Privatizing Hartford's Schools
Low test scores, high dropout rate spur consideration of private management for Connecticut city's schools
BOSTON — THE public schools in Hartford, Conn., have the full range of problems facing urban classrooms throughout the United States: shrinking financial resources, deteriorating facilities, and an influx of poor immigrant children - few of whom speak English.
Hartford's students ranked lowest in the state after Connecticut's most recent round of standardized mastery tests. The school dropout rate, which had declined a bit, is heading upwards again.
It's little wonder the city's Board of Education is open to new ideas, and the idea currently seizing its attention is privatization. The board is in the early stages of exploring a deal with Education Alternatives Inc., a Minneapolis-based firm known for its management of a dozen public schools in Baltimore.
``There are serious problems to be addressed, and the traditional ways haven't produced the desired results,'' says Annette Markham, administrator for the Hartford school board. The option of a business arrangement with EAI is being carefully weighed, she says, quickly adding that a final decision is still a ways off.
Contrary to some reports in the press, says Ms. Markham, the school board is not ready to jump into EAI's arms. The Hartford officials want a trip to Baltimore to examine the schools run by the company there, and they also want further public forums at which Hartford residents can air their questions and concerns.
The most vocal concerns to privately run public schools, in Hartford and elsewhere, come from the unions whose members staff the schools. Both of the nation's teacher unions - the National Education Association (NEA) and American Federation of Teachers (AFT) - have attacked private management of public education, in general, and EAI's record, in particular.
The AFT recently released a report saying the test scores of pupils in the Baltimore schools run by the company have declined in comparison with those of students in that city's traditionally managed institutions. But those conclusions have been disputed by school administrators in Baltimore.
``This is the first full year we can say our kids have been part of the Tesseract instructional model,'' says Donna Franks, a Baltimore public-schools spokesperson.
``Tesseract'' is an educational program developed by EAI that emphasizes a ``personal education plan'' for each student, based on students' individual ways of learning.
Three or four years are needed to assess how the program is doing, says Ms. Franks. The company's five-year contract with Baltimore schools began in July 1992. ``First-year tests may go down as everyone adjusts to a new system,'' Franks says.
Criticisms of EAI reach beyond the question of student performance, however. Judy Behnke directs the NEA's Center for the Preservation of Public Education. ``We are opposed to for-profit companies coming in and running public schools,'' she says. ``A company's bottom line is to make money for shareholders, and, for people who really care about children, the issue is: What's the best kind of education we can give a child?''
Ms. Behnke sees bottom-line thinking at work in the way EAI is carrying out its contract in Baltimore. The $5,916 per-pupil payment the firm is getting from the city is supposed to be an ``average'' of per-pupil costs throughout the district. But that average includes more expensive secondary schools, while EAI is managing only elementary schools, with the exception of one middle school. ``There's built-in profit there,'' says Behnke.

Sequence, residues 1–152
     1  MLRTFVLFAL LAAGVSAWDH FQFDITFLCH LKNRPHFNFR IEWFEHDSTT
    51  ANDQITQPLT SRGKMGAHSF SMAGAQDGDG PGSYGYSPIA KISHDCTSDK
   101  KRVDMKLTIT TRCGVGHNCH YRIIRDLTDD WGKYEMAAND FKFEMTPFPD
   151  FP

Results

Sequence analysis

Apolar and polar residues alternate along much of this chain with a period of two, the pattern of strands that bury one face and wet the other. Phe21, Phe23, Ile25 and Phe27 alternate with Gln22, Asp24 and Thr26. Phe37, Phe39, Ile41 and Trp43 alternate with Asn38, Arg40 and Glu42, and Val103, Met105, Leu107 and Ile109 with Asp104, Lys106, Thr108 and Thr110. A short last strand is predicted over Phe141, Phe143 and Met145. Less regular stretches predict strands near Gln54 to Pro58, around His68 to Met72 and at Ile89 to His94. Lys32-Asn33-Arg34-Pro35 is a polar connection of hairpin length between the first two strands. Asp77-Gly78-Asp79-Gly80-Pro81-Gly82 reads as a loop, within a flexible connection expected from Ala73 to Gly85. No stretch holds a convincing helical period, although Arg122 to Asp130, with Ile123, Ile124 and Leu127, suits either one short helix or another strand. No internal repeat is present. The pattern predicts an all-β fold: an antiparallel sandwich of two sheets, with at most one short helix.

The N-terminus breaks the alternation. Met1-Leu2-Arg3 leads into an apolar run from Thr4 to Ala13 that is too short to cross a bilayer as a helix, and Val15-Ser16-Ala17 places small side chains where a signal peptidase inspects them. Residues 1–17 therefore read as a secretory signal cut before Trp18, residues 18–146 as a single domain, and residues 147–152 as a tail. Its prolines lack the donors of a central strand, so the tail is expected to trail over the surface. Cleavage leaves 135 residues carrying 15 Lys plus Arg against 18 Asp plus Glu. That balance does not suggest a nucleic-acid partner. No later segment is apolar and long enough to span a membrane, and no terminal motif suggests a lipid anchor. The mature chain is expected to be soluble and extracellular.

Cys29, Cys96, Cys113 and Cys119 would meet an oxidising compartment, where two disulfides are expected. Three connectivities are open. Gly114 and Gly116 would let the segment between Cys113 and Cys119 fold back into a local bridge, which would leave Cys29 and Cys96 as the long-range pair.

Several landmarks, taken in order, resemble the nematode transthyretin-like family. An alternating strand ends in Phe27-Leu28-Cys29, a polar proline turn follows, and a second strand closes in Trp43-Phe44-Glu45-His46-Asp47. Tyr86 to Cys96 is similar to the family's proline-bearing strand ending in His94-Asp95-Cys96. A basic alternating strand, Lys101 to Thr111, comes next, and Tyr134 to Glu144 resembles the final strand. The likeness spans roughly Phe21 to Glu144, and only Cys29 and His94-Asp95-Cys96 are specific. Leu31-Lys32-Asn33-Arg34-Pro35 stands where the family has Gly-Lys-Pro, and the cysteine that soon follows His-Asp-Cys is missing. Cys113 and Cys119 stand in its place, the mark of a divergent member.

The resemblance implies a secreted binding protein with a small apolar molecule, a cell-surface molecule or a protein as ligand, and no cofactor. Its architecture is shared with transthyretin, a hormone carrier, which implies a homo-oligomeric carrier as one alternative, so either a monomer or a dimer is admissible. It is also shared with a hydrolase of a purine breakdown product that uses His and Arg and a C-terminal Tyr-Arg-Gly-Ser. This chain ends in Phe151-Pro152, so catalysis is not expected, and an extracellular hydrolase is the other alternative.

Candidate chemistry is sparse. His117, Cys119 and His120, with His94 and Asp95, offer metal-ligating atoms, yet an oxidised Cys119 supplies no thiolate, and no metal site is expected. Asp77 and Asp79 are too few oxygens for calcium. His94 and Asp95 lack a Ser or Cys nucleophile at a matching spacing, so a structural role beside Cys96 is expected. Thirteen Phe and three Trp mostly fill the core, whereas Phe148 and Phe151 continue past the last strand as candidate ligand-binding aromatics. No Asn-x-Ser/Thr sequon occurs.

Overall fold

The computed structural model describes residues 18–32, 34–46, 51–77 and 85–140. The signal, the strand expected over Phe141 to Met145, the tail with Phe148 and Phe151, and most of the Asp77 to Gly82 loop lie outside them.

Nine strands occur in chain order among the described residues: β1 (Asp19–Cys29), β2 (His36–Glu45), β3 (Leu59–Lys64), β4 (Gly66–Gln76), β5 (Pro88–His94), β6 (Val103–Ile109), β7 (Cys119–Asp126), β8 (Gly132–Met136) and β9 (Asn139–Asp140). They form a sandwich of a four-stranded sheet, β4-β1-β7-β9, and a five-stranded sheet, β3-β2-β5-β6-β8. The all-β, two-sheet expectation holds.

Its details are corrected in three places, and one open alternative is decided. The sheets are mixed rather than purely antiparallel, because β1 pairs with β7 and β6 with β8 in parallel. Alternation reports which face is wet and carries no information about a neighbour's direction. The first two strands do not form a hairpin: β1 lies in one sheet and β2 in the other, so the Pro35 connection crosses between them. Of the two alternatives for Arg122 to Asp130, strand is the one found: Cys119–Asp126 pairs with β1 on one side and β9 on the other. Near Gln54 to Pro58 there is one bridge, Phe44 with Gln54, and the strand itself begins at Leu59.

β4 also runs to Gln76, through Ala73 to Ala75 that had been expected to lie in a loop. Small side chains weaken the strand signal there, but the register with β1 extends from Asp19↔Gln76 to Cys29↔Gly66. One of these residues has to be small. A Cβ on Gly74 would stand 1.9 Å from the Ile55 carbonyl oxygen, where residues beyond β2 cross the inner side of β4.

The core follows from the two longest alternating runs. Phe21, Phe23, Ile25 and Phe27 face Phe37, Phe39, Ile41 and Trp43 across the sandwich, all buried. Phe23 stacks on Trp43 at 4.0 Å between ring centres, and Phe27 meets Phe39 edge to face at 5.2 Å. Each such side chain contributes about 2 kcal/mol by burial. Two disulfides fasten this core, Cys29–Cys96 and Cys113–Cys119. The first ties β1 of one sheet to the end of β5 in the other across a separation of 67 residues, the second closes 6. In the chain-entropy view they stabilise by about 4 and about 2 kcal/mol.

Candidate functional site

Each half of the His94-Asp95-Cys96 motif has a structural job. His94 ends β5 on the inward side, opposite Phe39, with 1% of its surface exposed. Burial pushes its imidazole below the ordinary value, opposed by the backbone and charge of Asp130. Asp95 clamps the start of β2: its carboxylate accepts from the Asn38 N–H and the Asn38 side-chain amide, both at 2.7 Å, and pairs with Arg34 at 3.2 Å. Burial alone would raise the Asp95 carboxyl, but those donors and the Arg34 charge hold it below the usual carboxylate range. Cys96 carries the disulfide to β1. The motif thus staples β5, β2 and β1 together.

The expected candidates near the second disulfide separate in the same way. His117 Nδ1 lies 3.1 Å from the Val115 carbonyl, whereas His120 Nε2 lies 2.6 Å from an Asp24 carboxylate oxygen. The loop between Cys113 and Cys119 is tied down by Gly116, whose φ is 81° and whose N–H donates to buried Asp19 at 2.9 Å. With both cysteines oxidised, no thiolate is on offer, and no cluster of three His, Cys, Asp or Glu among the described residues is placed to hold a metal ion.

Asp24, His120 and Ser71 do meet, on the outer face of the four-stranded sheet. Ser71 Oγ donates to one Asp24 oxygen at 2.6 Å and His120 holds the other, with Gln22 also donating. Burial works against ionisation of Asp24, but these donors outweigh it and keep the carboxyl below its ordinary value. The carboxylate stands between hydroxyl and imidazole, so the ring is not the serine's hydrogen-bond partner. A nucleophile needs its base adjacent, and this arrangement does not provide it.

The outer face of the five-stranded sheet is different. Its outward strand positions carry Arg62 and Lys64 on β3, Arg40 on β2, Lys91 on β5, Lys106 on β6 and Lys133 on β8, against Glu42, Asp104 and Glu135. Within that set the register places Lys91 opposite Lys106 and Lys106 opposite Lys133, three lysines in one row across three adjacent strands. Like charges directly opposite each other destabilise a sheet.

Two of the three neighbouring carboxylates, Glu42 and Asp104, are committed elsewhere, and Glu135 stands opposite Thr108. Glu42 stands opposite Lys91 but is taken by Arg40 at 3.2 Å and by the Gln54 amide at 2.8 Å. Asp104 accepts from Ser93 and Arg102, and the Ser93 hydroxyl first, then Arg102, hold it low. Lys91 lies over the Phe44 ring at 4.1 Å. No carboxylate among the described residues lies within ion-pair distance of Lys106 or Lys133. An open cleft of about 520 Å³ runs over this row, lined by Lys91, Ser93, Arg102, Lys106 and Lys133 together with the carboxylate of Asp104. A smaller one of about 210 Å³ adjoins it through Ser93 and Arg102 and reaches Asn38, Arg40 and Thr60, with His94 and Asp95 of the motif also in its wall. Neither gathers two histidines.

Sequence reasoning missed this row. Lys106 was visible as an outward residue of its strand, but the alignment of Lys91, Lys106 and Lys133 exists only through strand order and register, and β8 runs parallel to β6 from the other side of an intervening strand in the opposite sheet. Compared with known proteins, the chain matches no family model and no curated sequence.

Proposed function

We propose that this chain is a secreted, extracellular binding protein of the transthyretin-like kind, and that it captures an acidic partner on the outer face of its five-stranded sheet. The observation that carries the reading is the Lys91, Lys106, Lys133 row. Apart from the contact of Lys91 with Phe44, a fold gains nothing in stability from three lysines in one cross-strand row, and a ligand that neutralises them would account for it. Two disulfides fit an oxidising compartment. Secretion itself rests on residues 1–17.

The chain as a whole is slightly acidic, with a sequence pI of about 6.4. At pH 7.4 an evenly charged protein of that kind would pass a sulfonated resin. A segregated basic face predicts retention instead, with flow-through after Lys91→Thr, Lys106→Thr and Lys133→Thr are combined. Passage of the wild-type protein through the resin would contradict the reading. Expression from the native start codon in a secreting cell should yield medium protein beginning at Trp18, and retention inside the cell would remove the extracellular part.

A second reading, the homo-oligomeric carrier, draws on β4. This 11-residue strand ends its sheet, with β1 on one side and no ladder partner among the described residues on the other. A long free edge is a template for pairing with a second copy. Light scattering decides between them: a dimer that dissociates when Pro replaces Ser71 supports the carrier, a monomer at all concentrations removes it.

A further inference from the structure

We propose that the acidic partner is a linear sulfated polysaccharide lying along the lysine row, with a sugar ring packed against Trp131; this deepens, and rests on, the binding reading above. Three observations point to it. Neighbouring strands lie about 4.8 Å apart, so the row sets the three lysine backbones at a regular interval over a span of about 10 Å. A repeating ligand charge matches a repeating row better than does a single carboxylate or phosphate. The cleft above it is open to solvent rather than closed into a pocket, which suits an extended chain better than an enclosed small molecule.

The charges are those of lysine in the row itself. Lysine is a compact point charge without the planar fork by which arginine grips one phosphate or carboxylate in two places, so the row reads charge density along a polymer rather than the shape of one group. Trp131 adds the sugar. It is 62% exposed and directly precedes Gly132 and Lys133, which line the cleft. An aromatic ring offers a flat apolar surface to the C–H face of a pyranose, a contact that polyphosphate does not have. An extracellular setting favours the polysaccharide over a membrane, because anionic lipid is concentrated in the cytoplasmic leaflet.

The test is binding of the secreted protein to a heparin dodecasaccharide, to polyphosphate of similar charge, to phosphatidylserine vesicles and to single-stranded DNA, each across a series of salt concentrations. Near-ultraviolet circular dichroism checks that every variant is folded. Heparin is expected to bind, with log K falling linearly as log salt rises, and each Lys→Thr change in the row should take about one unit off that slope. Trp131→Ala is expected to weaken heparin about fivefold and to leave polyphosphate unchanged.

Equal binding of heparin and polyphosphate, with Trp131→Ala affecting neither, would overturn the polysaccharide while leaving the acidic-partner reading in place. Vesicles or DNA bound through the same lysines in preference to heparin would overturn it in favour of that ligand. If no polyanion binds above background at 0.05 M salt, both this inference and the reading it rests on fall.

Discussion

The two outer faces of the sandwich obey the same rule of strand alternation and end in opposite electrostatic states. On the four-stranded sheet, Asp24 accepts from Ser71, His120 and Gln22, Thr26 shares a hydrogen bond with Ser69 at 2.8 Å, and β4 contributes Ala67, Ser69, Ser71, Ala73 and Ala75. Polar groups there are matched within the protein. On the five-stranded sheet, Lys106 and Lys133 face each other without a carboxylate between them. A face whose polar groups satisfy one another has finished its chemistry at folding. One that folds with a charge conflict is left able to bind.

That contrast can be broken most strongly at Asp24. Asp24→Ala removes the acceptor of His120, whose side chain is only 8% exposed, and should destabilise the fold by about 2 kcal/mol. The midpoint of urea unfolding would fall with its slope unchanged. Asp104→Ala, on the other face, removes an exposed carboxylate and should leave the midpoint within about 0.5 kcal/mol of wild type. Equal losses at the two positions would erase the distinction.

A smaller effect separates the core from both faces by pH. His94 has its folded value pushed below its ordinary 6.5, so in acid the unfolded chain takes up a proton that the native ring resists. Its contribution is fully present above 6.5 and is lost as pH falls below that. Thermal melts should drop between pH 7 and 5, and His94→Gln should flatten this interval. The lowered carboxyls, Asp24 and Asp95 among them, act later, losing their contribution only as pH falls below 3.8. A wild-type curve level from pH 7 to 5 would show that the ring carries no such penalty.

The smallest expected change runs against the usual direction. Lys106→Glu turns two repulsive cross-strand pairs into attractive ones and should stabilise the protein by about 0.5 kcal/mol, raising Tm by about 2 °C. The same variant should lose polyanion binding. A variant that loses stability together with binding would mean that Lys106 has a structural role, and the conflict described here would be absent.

Franks doesn't deny that the company may be getting $500 or so more than the average cost of educating an elementary-school pupil in Baltimore, but adds, ``We think we have the right to invest in solutions.'' For that ``little more,'' she continues, ``we have a much improved school environment, increased teacher development, and the kids receive computers.''
Enhancements, like a computer lab in every school and computers in each classroom, are part of EAI's appeal. The company works in tandem with partner firms - Paramount Communications for computer technology, Johnson Controls for building maintenance, and KPMG Peat Marwick for financial management - to supply schools with services out of the reach of most urban districts.
While EAI brings in administrators to manage areas like curriculum and parent involvement, the principals and teachers in the company's Baltimore schools are still city employees working under the same contracts they had before, according to Franks. By and large, she says, these employees are happy with the public-private partnership. The principals, for example, ``welcome having someone come in and take care of the maintenance worries.''
IN Hartford, EAI's supersalesman top executive, John Golle, has been talking to local officials and citizens' groups in the hope of landing his first contract to manage a whole school district. That would be a big step for the eight-year-old publicly held company, whose financial fortunes have dimmed a bit after an earlier surge on Wall Street. But Connecticut's capital city is approaching that prospect with due caution, according to Markham.
The Hartford school board has drawn up a set of guidelines for an agreement with EAI. They include, says Markham, a credible plan for improvement in student performance, the protection of current public employees, retention of ultimate decisionmaking authority in the hands of the board, compliance with laws governing special education and bilingual education, and keeping within the current $171.1 million budget for running the city's schools. As in Baltimore, Hartford would want the right to cancel the contract with EAI for any reason with 90 days' notice.